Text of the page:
When the Queen is in residence, the royal flag atop the palace is raised and this means no poking about inside. I vaguely remembered learning about this in school, but had to be reminded when I arrived that my plans would once again be altered.
This gave me more time to explore the Trafalgar Square area and the National Gallery, however. After lunch I continued walking north along the Thames toward the Tower Bridge and the Tower of London.
As I attempted to cross an otherwise unimportant road on my journey north I made the mistake of looking left as I stepped off the curb. And because cars in Great Britain come from the right, this can cause mild discomfort up to and including turning you into a fried egg.
As my foot struck pavement I could feel the heat from the sun reflecting in the bus' windshield that was bearing down on me. Momentum being what it will, I carried out with another half step before stopping enough and turning to realize my folly and subsequent impending doom in the form of a red double-decker.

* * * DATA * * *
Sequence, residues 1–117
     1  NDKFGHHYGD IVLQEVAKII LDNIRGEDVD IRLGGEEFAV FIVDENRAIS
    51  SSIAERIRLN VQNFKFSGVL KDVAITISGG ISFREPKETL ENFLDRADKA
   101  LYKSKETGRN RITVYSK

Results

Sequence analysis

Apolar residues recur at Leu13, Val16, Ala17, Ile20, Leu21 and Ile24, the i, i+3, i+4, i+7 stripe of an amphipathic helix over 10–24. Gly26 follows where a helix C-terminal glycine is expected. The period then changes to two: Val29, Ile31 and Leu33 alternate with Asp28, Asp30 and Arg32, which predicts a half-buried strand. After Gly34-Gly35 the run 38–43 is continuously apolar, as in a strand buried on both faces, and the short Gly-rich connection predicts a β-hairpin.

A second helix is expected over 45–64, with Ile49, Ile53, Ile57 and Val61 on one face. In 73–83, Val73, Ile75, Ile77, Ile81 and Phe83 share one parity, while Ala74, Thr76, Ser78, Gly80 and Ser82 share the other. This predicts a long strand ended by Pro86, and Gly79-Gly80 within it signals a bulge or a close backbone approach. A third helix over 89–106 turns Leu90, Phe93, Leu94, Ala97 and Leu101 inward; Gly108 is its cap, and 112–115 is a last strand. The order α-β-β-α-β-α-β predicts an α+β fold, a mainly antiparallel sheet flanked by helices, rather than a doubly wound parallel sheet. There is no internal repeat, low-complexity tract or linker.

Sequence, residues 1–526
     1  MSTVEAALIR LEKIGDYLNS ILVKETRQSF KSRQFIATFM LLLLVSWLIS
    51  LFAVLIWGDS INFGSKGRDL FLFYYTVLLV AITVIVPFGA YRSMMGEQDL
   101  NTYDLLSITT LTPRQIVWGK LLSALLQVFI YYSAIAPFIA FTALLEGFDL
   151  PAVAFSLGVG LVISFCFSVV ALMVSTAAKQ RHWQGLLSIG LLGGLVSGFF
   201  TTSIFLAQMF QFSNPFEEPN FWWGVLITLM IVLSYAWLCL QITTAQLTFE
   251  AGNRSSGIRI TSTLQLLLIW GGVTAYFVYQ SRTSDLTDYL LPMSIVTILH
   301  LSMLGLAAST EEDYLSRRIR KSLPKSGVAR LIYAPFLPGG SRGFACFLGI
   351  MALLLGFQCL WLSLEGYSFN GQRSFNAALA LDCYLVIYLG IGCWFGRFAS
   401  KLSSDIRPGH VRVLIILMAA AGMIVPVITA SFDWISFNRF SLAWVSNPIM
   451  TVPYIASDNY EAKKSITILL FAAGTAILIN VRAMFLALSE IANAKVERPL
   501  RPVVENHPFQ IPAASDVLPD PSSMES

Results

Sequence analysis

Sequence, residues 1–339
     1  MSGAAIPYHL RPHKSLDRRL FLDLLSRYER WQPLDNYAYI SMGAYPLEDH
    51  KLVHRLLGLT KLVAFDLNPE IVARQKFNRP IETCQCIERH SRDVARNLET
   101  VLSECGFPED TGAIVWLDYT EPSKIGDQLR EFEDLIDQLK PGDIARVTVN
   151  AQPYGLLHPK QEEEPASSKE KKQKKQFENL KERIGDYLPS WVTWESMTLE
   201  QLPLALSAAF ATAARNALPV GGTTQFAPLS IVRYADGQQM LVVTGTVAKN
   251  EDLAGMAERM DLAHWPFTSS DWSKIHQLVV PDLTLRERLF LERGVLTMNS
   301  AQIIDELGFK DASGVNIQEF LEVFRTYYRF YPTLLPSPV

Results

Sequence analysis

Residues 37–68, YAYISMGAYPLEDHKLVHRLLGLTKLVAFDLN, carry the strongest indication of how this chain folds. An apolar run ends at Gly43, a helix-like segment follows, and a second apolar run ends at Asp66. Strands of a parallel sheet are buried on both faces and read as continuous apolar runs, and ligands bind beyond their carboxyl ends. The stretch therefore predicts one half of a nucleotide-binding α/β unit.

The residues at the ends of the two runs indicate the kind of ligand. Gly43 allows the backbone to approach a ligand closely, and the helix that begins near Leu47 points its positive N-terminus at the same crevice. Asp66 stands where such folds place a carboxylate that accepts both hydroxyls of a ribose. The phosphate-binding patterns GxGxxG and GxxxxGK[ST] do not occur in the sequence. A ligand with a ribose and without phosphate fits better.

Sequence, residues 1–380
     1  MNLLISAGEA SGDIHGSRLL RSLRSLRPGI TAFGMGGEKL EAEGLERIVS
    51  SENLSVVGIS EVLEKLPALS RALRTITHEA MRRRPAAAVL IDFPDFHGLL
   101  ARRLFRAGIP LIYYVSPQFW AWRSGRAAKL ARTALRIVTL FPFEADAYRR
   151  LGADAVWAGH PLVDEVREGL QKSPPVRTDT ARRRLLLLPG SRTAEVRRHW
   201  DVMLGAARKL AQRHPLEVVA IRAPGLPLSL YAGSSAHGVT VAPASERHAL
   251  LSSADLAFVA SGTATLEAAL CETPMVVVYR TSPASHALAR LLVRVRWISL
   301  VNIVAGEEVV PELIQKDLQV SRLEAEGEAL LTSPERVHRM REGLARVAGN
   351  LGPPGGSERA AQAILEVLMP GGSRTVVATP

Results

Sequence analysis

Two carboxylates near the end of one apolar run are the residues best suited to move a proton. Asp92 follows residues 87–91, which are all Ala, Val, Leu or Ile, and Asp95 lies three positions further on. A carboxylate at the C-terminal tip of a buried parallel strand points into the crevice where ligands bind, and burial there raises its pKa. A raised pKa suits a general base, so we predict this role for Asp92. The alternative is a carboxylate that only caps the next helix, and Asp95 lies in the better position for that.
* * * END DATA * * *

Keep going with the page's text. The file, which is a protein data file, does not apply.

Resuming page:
With reflexes that I had not displayed since my neighbor Chris Costello threw a spider at me when we were in grade school, I employed a move I witnessed in the movie The Matrix mixed with a dash of the Cupid Shuffle and replanted myself in one altogether impressive display back on the curb from whence I came.
This performance came much to the relief of the driver, who was blaring his horn as a show of appreciation, and the unsullied entertainment of the pedestrians on my curb of origin.
"Ay mate," one of them half-yelled, half-laughed at me. "They got it on the street right in front of ya, 'Look Right.'"